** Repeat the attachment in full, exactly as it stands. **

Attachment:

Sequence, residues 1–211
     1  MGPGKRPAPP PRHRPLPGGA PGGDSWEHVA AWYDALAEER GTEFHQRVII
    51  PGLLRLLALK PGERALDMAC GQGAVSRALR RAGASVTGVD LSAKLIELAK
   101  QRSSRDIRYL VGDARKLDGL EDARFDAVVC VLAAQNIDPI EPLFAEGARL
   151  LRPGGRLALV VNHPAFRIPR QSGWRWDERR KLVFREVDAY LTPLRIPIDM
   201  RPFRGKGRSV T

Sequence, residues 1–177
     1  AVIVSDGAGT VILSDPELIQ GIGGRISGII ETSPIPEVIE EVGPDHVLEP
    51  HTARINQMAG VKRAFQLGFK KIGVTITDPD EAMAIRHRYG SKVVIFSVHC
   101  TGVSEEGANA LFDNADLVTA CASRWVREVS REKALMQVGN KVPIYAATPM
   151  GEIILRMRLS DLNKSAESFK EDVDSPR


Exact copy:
Sequence, residues 1–211
     1  MGPGKRPAPP PRHRPLPGGA PGGDSWEHVA AWYDALAEER GTEFHQRVII
    51  PGLLRLLALK PGERALDMAC GQGAVSRALR RAGASVTGVD LSAKLIELAK
   101  QRSSRDIRYL VGDARKLDGL EDARFDAVVC VLAAQNIDPI EPLFAEGARL
   151  LRPGGRLALV VNHPAFRIPR QSGWRWDERR KLVFREVDAY LTPLRIPIDM
   201  RPFRGKGRSV T

Sequence, residues 1–177
     1  AVIVSDGAGT VILSDPELIQ GIGGRISGII ETSPIPEVIE EVGPDHVLEP
    51  HTARINQMAG VKRAFQLGFK KIGVTITDPD EAMAIRHRYG SKVVIFSVHC
   101  TGVSEEGANA LFDNADLVTA CASRWVREVS REKALMQVGN KVPIYAATPM
   151  GEIILRMRLS DLNKSAESFK EDVDSPR